Beyoncé's ‘Black Is King’ criticised by Noname amid cultural appropriation claims
5 August 2020, 11:50 | Updated: 5 August 2020, 12:42
Rapstress Noname has been vocal amongst many who have criticised Beyoncé's Disney film 'Black Is King', for it's use of African culture.
The 28-year-old rapstress took to Twitter and has appeared to criticise Beyoncé's choice to 'capitalise' on the heavily African-inspired film, which was released on Disney+ on Friday.
Watch the official trailer of Beyonce's BLACK IS KING on Disney+
Beyoncé's film Black Is King draws from Afro-centric culture in it's messaging, clothing, music, imagery, choreography and overall aesthetic.
The film has widely been celebrated for positively representing Africa and putting the continents bold and rich culture at the forefront of mainstream popular culture.
The film pays tribute to iconic black figures within the entertainment industry, such as supermodel Naomi Campbell, Oscar-winning actress Lupita Nyong'o, and singer Kelly Rowland.
Bey's husband Jay Z and daughter Blue Ivy also feature in the film.
Although the film has been praised for many positive ways it reflects blackness and African culture, it has also been criticised for capitalising off of African culture without truly paying her respects and giving back.
Rapstress Noname has mad it clear she does not totally agree with Beyonce's decision to utilise African culture in the way that she has.
we love an african aesthetic draped in capitalism. hope we remember the blk folks on the continent whose daily lives are impacted by u.s imperialism. if we can uplift the imagery i hope we can uplift those who will never be able to access it. black liberation is a global struggle— 🌱 (@noname) July 31, 2020
Noname tweeted: "we love an african aesthetic draped in capitalism. hope we remember the blk folks on the continent whose daily lives are impacted by u.s imperialism."
She continued "if we can uplift the imagery i hope we can uplift those who will never be able to access it. black liberation is a global struggle".
The "Self" artist then went on to retweet a Twitter user who replied to her tweet.
A fan on Twitter wrote "sis, they're killing us in Zimbabwe. literally. the world is turning a blind eye to the blatant human rights abuses we're facing every single day. our black lives clearly don't matter".
Noname then replied: "they matter to me".
She also posted an Essence feature, written by Burundian writer Judicaelle Irakoze titled "Why We Must Be Careful When Watching Beyoncé’s ‘Black Is King’".
A point in the article reads: "There is a real danger in romanticizing pre-colonial Africa. The glorification of kingdoms before white men met us erases the reality that Africa wasn't exactly a paradise."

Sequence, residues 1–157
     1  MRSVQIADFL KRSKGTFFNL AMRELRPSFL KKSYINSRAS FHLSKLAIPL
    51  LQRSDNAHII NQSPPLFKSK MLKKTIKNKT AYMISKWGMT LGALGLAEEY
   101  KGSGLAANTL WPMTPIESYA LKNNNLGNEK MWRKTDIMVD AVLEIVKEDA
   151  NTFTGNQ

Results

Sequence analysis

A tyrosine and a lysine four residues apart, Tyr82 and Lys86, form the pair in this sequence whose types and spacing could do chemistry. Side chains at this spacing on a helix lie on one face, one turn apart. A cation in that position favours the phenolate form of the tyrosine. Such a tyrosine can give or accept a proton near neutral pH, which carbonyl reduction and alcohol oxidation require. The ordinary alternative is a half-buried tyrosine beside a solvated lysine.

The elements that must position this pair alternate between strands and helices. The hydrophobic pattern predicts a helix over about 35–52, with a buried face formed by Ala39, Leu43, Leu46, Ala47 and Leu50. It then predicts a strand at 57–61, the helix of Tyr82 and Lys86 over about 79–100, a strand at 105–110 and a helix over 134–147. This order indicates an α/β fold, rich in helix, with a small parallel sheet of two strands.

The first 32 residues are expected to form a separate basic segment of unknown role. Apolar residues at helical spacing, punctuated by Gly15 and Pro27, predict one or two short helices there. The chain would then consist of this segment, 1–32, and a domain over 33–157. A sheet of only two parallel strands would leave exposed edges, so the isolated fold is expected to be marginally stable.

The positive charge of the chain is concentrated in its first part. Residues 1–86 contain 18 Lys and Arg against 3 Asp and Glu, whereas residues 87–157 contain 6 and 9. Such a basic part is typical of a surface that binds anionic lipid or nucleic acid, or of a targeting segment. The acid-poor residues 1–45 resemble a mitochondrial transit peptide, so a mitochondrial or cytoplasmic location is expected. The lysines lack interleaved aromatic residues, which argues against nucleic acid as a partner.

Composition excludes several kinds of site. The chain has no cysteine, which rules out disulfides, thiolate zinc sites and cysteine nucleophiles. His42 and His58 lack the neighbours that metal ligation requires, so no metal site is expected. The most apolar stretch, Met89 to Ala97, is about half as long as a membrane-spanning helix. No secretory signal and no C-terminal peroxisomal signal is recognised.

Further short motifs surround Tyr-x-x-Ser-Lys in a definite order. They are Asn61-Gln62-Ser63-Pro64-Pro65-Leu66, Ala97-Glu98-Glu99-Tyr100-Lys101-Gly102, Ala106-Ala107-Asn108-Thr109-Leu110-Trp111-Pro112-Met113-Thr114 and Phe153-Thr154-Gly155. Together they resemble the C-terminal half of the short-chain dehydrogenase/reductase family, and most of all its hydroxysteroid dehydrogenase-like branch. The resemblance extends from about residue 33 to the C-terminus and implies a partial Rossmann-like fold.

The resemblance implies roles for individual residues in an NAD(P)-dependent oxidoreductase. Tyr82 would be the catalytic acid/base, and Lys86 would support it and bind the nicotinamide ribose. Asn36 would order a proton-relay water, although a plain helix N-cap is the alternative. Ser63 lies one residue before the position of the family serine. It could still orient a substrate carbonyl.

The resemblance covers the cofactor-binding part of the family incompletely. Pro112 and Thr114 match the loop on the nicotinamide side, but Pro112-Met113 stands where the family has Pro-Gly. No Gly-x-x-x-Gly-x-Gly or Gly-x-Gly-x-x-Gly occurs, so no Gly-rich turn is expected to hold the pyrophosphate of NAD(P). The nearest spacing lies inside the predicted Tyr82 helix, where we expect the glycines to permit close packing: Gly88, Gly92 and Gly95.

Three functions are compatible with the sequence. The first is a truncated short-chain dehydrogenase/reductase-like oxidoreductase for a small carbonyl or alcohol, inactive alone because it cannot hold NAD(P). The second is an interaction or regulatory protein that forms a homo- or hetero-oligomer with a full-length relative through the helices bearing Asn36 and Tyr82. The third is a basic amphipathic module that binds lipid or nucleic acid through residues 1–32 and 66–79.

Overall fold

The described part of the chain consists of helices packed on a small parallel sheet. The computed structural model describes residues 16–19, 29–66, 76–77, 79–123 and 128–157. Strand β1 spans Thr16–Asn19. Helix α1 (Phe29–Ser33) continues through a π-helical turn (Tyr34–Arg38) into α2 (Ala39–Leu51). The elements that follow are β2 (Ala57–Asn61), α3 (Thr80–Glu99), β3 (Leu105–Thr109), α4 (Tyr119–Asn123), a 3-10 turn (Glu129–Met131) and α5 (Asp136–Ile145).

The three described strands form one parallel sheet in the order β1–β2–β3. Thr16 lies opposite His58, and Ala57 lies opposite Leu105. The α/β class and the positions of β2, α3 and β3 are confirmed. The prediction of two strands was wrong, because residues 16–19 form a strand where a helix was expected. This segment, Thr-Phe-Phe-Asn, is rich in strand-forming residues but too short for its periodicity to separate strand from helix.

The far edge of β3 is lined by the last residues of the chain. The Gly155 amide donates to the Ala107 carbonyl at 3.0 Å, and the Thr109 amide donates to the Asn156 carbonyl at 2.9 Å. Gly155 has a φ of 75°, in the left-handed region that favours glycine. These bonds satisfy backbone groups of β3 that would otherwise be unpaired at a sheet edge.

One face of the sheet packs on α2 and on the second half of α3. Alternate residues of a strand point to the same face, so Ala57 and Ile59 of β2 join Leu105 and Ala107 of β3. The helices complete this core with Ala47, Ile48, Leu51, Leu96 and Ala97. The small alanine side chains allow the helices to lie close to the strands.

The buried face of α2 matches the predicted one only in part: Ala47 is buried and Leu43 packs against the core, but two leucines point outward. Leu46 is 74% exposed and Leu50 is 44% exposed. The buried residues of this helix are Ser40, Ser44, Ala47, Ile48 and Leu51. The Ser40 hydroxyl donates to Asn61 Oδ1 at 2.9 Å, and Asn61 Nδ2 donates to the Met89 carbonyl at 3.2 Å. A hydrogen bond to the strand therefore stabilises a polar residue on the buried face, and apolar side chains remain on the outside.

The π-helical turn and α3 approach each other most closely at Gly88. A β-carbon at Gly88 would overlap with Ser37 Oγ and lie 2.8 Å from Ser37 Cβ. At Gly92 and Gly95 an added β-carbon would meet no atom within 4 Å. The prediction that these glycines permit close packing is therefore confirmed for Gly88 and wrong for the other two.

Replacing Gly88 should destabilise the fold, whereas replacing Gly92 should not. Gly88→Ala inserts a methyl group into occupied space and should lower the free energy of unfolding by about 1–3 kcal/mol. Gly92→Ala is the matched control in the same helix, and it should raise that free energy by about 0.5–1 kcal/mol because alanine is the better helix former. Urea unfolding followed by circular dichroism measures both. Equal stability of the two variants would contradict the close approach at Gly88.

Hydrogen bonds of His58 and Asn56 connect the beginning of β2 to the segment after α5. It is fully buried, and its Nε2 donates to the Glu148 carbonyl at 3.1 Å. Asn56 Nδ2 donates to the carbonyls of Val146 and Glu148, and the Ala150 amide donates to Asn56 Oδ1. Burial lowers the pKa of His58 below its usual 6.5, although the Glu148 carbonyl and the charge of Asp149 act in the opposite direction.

The journalistic piece continues "African kingdoms were rife with slavery, imperialism, women’s oppression and class oppression. Not everyone was a king or even a queen."
The article also refers to Beyonce as a "powerful transcending artist" with a "right to tap into her Africanness", yet holds the star accountable for "willingly, through her art, participates in telling romanticized African royalty stories, rooted in glamorizing Africa, she indirectly dehumanizes our Africanness".
See fans reactions to Noname's criticism below,
Would you have liked it if the African looked poor and hungry?? You saw Africans being themselves and being part of an amazing body of art and looking good at that and you called it an aesthetic?? The real Africa is what small huts and torn clothes and hungry looking children?— Beyoncé stan (@Nonny_Mpata) July 31, 2020
Bridging the gap and providing beautiful imagery of Africa and the diaspora was the goal but you missed that. Should we shield black American culture from the world too? It was a win for blackness. And no one is ready to discuss Chinese imperialism on the African continent?— Savannah Britt (@sav_britt) August 1, 2020
Sis. We are tired of this version of Africa she's portraying, this ancient everybody's a king/queen idealism. It's so foreign to our reality and it's clear African Americans are only interested in us for some antiquated ancestral imagery which they draw validation from, not US.— VaMagumbo (@Ndini_Rumbi) July 31, 2020
Whew the beehive is so mad. Like actual Africans are giving real time response on how their daily lives are being impacted and Black Americans are saying shut up because Beyonce. Like, how? Make it make sense.— Jamillah (@Jamillah78) July 31, 2020
African Aesthetic has always been sensationalized to make white audiences feel comfortable. As a film major narratives have always been channeled through capitalism and neoliberalism the point is to sell your film including merchandise.— * kakashi ⚡️ (@XhristinaRoss) July 31, 2020
Whatever issue you have with that woman is deeper than capitalism but this bs that you typed is disrespectful asf to the actual African creatives that also worked hard on this film! Get it together!— hottie. (@htownstallionss) July 31, 2020
I don’t think a lot of ppl take into account that this was released on Disney+, A streaming service ran by the awful capitalist, human rights violating giant that is Disney. So not only in Africa but also in the US some don’t have access to it b/c it’s a paid subscription...— ABOLISHTHEPOLICE (@badgalbribri0) July 31, 2020
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